>usually quite hard to find. I see no reason to suspect that the casual
    >surfer will accidentally stray into a minefield.


    You make my point perfectly. Canadian law tends to be written so as to make
    everything illegal ( over broad laws) in the expectation that the court
    system will only apply it in the "right" circumstances. Which of course
    does not always occur. Thus people HAVE been prosecuted under the Mischief
    to Data act for deleting their own data. Fortunately the appeal courts have
    not gone along with it.


    >If a website is mentioned in an advertisement, say, and you visit it to
    >discover more about the advertised product or to place an oder you can
    >point to the advertisement as an explicit statement of consent.


    Hardly. It is at best implied consent, since none of those state "You have
    premission to access this web site." And usually they point to only a
    single page, but the actual material is linked to from that page, and you
    surely cannot mean that consent is transitive-- if I give you consent to A
    I am giving you consent to everything I own.


    >Cheers,
    > Daniel.
    > (Not a lawyer)
    >




  19. Re: Honeypots Illegal?

    Daniel James writes:

    >In article news:, S. keeling
    >wrote:
    >> If a firewall dropping packets is interception, what's spamassassin or
    >> procmail or exim rules? This whole subject just doesn't pass the
    >> smell test.


    >I think you're missing some irony, somewhere along the line.


    >I wasn't suggesting that firewalls were or should be illegal, I was
    >using the example of firewalls -- which I think everyone agrees are not
    >only legal but are also essential security tools -- to highlight the
    >point about honeypots.


    However, a crucial feature of honeypots is that the owners read the logs
    and use the logs to carry legal or other actions. It is of course not the
    computer that does anything. It is the owners or controllers of the
    computers that do it.


    >A honeypot does not intercept packets, it just handles packets that are
    >addressed to it.


    And the person then reads the results of those interceptions. That is
    where the problems arise.


    >A firewall does intercept packets, it handles packets that are addressed
    >to some other server process and filters them.


    >Ergo: if the act of interception is the criterion by which legality is
    >to be judged then honeypots are legal and firewalls are not (or to put
    >it another way: The law is an ass).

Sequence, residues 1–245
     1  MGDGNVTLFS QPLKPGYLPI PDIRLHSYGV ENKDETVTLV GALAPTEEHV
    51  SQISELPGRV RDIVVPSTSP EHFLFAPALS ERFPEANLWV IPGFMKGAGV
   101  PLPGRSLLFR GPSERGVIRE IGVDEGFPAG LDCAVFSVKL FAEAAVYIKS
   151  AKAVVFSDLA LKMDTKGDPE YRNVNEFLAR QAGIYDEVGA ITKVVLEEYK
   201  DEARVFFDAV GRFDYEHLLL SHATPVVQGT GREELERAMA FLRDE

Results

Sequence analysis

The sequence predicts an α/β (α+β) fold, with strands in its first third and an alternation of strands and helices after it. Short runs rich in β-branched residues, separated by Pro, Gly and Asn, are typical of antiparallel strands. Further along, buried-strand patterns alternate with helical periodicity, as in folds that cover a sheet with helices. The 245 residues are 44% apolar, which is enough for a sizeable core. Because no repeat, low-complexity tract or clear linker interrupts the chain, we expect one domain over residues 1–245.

>Capisce?


    >Cheers,
    > Daniel.
    >



  20. Re: Honeypots Illegal?

    s. keeling wrote:

    > Walter Mautner :

    .....
    >> Well, there must be some "criminal energy" involved to get in. A
    >> honeypot

    >
    > Connecting to a box you know you've no authorization to connect to?
    >

    I had p2p networking as an example. No "authentication", but often enough
    accidently open shares.

    >> should be firewalled or password-protected the same way (but obviously

    >
    > Firewalls aren't a legal requirement. Yeah, passwordless accounts are
    > just dumb in a lot of ways (*spam*, zombies, ...), but a "come hither"
    > to unsuspecting crackers? Come on.
    >

    Depends upon the (proven/to prove) intent of the intruder. It may be just a
    accident, in particular if there is no visible sign of some sort
    of "fence".

    >> different ports, different passwords) as the protected box/network.
    >> If it is possible to "break in" without effort, there is no break-in in
    >> fact.

    >
    > So, leaving your front door unlocked leaves you no defence legally
    > against a burglar who takes advantage of that?
    >

    If the burglar can see it's some private property (fence around it, or a
    closed door with a lock though left open, and no "come-on-in" sign), it is
    beyond legality to enter. However, on the net (again, p2p, instant
    messaging, sharing) there are not always visible fences and locks.

    A open door does not make a theft legal, but leaving the front door open or
    the key inserted while leaving the house/the car, can create some part
    guiltieness.
    At least the insurance will see it that way, and refuse to pay damages.


    --
    vista policy violation: Microsoft optical mouse found penguin patterns
    on mousepad. Partition scan in progress to remove offending
    incompatible products. Reactivate MS software.
    Linux 2.6.22.12-1mdvcustom [LinuxCounter#295241,ICQ#4918962]

+ Reply to Thread
Page 3 of 4 FirstFirst 1 2 3 4 LastLast